A Successful Adaptation
At first, fans of the book were thrilled at the attention being paid to their beloved author. Tolkien had sold the audiovisual rights to his oeuvre to United Artist back in 1969, but none of the previous attempts to adapt The Lord of the Rings to the big screen – from the unrealized project involving the Beatles to Ralph Bakshi’s animated version that ended in 1978 after a single episode – had come to fruition. They were hamstrung by a lack of technology for bringing Middle-earth to life and by the obvious difficulty in summarizing a novel as vast as Tolkien’s.
Peter Jackson made sure he would be able to make three feature-length films. Then, in collaboration with Fran Walsh and Philippa Boyens, he wrote a script that hewed fairly closely to the book. Tom Bombadil was set aside, and Arwen, who was relegated to the annexes in Tolkien, was considerably developed. Although he is the co-founder of Weta Digital, a special-effects company, Jackson chose to shoot in the well-preserved landscapes of his native New Zealand. That way, he could pair technological excellence (Gollum’s motion-capture animation) with real-life effects. He wisely hired Alan Lee and John Howe – the most talented Tolkien illustrators of their generation – as chief conceptual designers, transcribing their visions of the Shire, Rivendell, and Moria in memorable scenes.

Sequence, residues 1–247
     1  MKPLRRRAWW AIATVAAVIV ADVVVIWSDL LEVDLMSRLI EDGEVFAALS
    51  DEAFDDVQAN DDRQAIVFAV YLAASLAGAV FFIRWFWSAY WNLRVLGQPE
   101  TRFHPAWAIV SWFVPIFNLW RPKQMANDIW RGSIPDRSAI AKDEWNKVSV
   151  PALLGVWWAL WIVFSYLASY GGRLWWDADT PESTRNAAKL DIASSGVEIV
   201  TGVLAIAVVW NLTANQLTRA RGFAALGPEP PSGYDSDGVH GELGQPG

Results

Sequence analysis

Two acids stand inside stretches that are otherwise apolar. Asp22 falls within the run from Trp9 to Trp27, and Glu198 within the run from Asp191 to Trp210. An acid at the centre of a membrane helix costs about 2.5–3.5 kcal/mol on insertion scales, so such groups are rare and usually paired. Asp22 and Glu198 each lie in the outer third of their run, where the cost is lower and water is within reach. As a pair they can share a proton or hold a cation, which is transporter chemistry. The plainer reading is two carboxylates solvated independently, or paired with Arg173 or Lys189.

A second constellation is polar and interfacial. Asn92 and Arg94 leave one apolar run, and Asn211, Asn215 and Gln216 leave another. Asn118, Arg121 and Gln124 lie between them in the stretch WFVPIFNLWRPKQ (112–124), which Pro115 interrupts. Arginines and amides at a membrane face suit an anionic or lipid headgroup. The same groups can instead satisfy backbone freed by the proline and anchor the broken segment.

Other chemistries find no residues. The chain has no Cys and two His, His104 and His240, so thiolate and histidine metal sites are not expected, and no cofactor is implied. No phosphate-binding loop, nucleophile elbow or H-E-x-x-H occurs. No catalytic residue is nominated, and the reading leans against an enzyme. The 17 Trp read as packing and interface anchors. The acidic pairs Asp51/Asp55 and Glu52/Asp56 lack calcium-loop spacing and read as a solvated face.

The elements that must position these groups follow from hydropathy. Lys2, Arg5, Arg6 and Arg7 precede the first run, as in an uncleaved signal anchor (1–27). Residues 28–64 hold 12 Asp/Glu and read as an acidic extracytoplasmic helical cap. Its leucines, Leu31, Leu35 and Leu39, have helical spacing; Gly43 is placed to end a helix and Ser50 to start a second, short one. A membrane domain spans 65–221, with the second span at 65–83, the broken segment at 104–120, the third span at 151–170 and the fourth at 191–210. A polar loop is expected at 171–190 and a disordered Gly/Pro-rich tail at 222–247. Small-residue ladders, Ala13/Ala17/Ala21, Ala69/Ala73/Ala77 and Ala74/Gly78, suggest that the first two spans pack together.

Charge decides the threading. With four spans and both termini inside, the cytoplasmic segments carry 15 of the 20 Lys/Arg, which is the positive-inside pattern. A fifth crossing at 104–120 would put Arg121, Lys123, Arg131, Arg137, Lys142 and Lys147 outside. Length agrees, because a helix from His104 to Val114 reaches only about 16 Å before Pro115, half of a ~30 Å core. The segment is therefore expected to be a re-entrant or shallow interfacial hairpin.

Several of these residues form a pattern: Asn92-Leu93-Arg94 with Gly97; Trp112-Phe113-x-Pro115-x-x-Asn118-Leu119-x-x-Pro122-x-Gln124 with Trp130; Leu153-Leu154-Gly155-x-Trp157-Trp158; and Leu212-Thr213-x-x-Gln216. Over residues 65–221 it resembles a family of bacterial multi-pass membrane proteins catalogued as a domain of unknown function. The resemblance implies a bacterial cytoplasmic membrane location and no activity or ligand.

Pros and Cons
Still, Jackson's Lord of the Rings remains just one possible interpretation, among many others, of the saga. It enshrined Tolkien’s oeuvre for posterity — action-packed, aimed at young adult audiences, shaped by comic book images and role-playing figurines.
While the films did bring Tolkien’s world into a new dimension, they also deformed along the way. A lot of moviegoers now think they know The Lord of the Rings without having read the book. Some admit to having been surprised or even disappointed when they gave it a try. They came up against a challenging book that is longer and more contemplative than the films, with a noble, descriptive style. Of course, the treatment dealt out to The Hobbit (2012-2014) didn’t resolve anything: its long-delayed adaptation into a trilogy took more liberties and is far more questionable. Nevertheless, it can not be denied that there are now several different ways to approach Middle-Earth – through the written work alone, or via the broader universe inspired by the movies.